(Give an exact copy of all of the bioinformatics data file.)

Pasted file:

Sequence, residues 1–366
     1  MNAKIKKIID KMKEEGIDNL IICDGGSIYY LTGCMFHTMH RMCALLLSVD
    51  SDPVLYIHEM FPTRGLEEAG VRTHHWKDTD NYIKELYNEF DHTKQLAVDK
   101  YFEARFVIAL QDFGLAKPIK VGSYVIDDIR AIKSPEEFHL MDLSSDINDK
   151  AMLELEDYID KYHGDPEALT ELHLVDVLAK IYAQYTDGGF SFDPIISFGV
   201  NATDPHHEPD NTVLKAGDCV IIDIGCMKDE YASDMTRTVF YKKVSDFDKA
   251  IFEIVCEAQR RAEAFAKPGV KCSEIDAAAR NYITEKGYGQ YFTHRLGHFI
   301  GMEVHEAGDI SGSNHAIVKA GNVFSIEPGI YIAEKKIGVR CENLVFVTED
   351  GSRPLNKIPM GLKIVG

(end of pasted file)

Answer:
Sequence, residues 1–366
     1  MNAKIKKIID KMKEEGIDNL IICDGGSIYY LTGCMFHTMH RMCALLLSVD
    51  SDPVLYIHEM FPTRGLEEAG VRTHHWKDTD NYIKELYNEF DHTKQLAVDK
   101  YFEARFVIAL QDFGLAKPIK VGSYVIDDIR AIKSPEEFHL MDLSSDINDK
   151  AMLELEDYID KYHGDPEALT ELHLVDVLAK IYAQYTDGGF SFDPIISFGV
   201  NATDPHHEPD NTVLKAGDCV IIDIGCMKDE YASDMTRTVF YKKVSDFDKA
   251  IFEIVCEAQR RAEAFAKPGV KCSEIDAAAR NYITEKGYGQ YFTHRLGHFI
   301  GMEVHEAGDI SGSNHAIVKA GNVFSIEPGI YIAEKKIGVR CENLVFVTED
   351  GSRPLNKIPM GLKIVG